Director Raoul A. Walsh

17 Jan

Director Raoul A. Walsh

<?xml:namespace prefix = o ns = “urn:schemas-microsoft-com:office:office” /> (March 11, 1887 – December 31, 1980)




Raoul Walsh was an American film director, actor, founding member of the <?xml:namespace prefix = st1 ns = “urn:schemas-microsoft-com:office:smarttags” />Academy of Motion Picture Arts and Sciences (AMPAS) and the brother of silent screen actor George Walsh.

Walsh began as a stage actor in New York City, quickly progressing into film acting.  Walsh was educated at Seton Hall College and began acting in 1909.  In 1914, he became an assistant to D.W. Griffith and made his first full-length feature film “The Life of General Villa”, followed by the critically acclaimed Regeneration in 1915, possibly the earliest gangster film.  Walsh played John Wilkes Booth in D.W. Griffith's epic ”The Birth of a Nation” (1915) for which he was also Assistant Director. Walsh later directed The Thief of Bagdad (1924), starring Douglas Fairbanks.


In the early days of sound with 20 Century Fox, Walsh directed the first widescreen spectacle, The Big Trail (1930), shot on location across the West.  It starred then unknown John Wayne, whom Walsh discovered as prop boy by the name of Marion Morrison and renamed him after General Mad Anthony Wayne (Walsh happened to be reading a book about General Wayne at the time).


An undistinguished period followed with Paramount Pictures from 1935 to 1939, but Walsh's career rose to new heights soon after moving to Warner Brothers, making movies with Hollywood’s Greatest including Errol Flynn.  He made the following movies with Errol Flynn – “They Died with Their Boots On” (1941) “Desperate Journey” (1942), “Gentleman Jim” (1942), “Northern Pursuit” (1943), “Objective Burma” (1945), “Silver River” (1948) and “Montana” (1950).


Walsh's contract at Warner Brothers expired in 1953 and made many more movies for various studios until his retirement in 1964.



Walsh was set to direct and star in “In Old Arizona” in 1929, but had to abandon the project when a jackrabbit jumped through the windshield of a car he was driving which cost Walsh an eye.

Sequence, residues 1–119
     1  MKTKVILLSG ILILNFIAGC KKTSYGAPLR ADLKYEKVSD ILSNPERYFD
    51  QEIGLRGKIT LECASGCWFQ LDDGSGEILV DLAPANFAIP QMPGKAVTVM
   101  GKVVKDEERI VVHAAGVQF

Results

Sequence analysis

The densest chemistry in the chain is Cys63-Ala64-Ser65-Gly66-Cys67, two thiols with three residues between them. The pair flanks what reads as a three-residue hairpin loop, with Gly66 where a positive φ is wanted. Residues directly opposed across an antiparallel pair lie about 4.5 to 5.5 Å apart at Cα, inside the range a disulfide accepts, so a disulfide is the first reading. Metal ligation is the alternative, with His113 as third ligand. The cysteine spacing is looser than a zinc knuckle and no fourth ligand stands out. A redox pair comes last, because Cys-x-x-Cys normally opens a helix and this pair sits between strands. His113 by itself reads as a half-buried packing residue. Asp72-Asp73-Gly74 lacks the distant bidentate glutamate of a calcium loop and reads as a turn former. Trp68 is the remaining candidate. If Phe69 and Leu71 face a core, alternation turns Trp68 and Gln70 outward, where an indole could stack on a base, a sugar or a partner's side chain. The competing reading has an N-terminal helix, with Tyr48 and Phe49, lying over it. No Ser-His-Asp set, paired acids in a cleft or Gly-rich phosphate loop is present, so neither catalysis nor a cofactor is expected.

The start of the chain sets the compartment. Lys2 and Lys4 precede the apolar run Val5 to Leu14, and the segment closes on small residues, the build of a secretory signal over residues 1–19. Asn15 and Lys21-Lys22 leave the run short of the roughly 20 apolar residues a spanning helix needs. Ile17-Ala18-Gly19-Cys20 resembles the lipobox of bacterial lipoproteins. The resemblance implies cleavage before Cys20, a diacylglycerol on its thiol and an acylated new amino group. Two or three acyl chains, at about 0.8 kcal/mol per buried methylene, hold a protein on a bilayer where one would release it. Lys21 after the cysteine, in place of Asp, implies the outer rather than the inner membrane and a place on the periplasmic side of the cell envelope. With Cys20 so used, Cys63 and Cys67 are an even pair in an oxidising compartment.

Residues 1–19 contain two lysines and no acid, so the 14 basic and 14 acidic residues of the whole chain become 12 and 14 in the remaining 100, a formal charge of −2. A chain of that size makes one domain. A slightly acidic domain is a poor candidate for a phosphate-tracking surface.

After losing his eye, his doctor reportedly asked if he'd like an artificial (glass) one.  “Hell, no,” Walsh snapped.  “Every time I'd get in a fight, I'd have to put it in my pocket.”  He wore an eye patch for the rest of his life.


There are echoes in Walsh's films of events from his own life and that of his family.  In “They Died with Their Boots On” (1941) there is an actor playing a bit part as a tailor to the US cavalry officers that might have been a reference to Walsh's father who made uniforms for General Custer and other high-ranking officers before becoming chief designer for Brooks Brothers in New York.


Like his contemporary Howard Hawks, Walsh was known for never letting the facts get in the way of a good story.  According to Walsh, in 1942, a few days after John Barrymore had died, Walsh, as a practical joker, picked up Barrymore's body from the mortuary and managed to sit the body, clad in a business suit, in a chair in Errol Flynn's house just before Errol was due to arrive home.  The artist Gene Fowler, a friend to both Barrymore and Flynn, disputed this story — recounted by both Flynn and Walsh in their autobiographies.  Fowler states in his autobiography that he spent much of the night during which the joke was supposed to have occurred sitting with Barrymore's body in a Hollywood funeral home.


— Tina


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